Physical v. Spiritual Discipline

18 11 2011

I’ve been thinking about discipline for a while.  Not the punishment kind of discipline, but the “training to bring about control and order” discipline.  And I’ve been specifically thinking about physical discipline versus spiritual discipline.  Actually, the idea first struck me when I read Ultramarathon Man by Dean Karnazes in April 2010.  It’s a fascinating true story of the author and his adventures running ultramarathons and other crazy races that test the limits of human endurance.  Coming off of the Ragnar Relay, this thought has come back to the forefront of my mind.

What would happen if we trained and disciplined ourselves spiritually as we do physically?

I know so many people, myself included, who are willing to undertake crazy, diligent, borderline-insane physical discipline to accomplish physical goals.  Whether we are trying to lose weight, finish a triathlon, qualify for the Boston marathon, or decrease the odds of developing diabetes, cancer, or other diseases, we can exhibit tremendous discipline and determination.

But when it comes to spiritual discipline in our lives, we are generally quite lazy.  Why is that?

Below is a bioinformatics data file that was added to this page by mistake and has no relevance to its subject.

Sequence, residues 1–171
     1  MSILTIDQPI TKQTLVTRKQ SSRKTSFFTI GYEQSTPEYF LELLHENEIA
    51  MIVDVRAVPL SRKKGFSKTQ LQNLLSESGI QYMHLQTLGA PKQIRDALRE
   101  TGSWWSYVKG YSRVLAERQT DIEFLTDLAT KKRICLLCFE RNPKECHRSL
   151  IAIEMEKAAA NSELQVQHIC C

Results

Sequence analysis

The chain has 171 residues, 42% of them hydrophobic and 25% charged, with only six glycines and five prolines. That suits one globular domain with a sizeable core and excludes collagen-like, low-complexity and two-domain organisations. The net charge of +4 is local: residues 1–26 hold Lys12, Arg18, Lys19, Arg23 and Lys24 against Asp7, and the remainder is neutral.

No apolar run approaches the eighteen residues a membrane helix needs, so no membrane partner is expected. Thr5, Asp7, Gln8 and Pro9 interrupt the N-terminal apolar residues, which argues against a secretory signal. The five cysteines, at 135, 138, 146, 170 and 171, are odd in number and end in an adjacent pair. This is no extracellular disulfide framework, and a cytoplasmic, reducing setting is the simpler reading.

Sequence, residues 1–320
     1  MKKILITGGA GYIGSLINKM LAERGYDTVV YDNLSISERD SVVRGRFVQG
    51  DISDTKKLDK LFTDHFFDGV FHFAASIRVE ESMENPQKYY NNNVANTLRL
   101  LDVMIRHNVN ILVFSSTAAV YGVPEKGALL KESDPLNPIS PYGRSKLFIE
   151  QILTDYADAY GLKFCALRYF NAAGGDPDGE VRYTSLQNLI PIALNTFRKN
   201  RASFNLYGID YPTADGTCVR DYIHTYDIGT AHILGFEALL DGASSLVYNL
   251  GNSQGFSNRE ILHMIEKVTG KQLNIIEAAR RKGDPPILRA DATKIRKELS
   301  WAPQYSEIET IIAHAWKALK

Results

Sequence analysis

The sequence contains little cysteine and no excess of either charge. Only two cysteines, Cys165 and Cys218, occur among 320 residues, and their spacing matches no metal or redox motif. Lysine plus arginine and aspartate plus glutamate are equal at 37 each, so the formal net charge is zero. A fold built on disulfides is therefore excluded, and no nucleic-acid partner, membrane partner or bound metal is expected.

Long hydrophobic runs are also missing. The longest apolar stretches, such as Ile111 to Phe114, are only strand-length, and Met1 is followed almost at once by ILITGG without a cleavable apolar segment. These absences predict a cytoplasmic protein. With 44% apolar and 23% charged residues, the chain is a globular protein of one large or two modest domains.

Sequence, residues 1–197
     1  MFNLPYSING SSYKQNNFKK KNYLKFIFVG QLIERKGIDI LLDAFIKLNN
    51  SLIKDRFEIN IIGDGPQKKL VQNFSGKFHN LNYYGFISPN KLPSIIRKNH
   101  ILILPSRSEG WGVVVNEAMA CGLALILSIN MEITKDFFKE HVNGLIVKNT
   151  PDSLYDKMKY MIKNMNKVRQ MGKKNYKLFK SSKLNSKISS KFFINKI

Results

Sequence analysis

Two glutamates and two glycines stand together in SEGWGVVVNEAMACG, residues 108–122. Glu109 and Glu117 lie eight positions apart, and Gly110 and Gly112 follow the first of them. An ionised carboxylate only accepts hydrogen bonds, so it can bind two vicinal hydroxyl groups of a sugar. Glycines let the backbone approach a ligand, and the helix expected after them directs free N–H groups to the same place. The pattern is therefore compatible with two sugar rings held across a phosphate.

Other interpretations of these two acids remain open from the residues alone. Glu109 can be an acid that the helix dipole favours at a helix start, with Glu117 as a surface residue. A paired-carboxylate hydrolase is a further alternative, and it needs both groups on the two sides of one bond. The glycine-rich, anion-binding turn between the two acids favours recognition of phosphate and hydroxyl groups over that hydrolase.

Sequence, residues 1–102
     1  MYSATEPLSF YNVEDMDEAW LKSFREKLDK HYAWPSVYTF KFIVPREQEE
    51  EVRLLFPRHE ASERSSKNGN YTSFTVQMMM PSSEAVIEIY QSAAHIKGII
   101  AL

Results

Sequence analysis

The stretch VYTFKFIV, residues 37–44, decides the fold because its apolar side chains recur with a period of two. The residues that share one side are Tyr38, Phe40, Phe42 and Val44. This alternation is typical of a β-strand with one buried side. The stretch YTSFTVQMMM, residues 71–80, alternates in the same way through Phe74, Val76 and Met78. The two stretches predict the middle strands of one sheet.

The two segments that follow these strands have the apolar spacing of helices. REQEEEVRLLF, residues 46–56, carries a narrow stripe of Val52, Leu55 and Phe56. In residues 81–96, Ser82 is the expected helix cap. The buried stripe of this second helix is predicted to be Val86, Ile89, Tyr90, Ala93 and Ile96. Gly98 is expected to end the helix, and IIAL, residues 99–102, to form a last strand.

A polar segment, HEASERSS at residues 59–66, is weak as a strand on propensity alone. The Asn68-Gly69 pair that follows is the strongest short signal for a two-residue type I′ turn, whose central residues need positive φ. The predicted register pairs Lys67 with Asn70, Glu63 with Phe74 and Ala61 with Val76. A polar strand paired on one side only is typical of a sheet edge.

Pride is a huge part of our spiritual laziness.  If we are always right, always the best, always the most knowledgeable, there’s never any reason to change.  We know it all, can do it all, have it all . . . so there!

The bigger issue for me is comfort.  I’m comfortable with who I am, where I am in life, what I do, etc.  Comfort is not a bad thing.  However, it is detrimental when it keeps me from growing and maturing.  I’ve realized that comfort is the antithesis of change and discipline.

Even in those times of great struggle in my life, I could cope.  I could block the negativity from my mind while I carried on with life.  I knew how to function successfully under turmoil.  In these times, I knew I needed to change.  I didn’t always know what changes to make, but I knew something had to change. 

But change required effort.  Change required discipline.  Change required being intentional in my thoughts and my actions.  Change required more than I wanted to give.  It required me to step out of my comfort zone, and I don’t like being uncomfortable.

I also didn’t see the full benefits of becoming spiritually disciplined.  Why should I bother becoming spiritually disciplined if I’m “fine” the way I am?  (Of course, that’s a lie, but it’s a lie I believe for many years.)  I couldn’t answer that question for years, but now it seems so simple.  It’s difficult to live out, but simple in theory.  

The fruit of the Spirit is:
(Galatians 5:22-23)

I want each of those nouns to describe me, but few currently do.  That is why I need to change and focus on spiritual discipline.

Becoming more spiritually disciplined is the reason I began fasting in February, and my prayer life has been taken to a new level.  It is the reason I now seek accountability among my friends, and I am slowly making progress in overcoming some lifelong struggles.  It is the reason I share devotionals about what God has been teaching me with the entire upper school student body where I teach—which is definitely way outside of my comfort zone.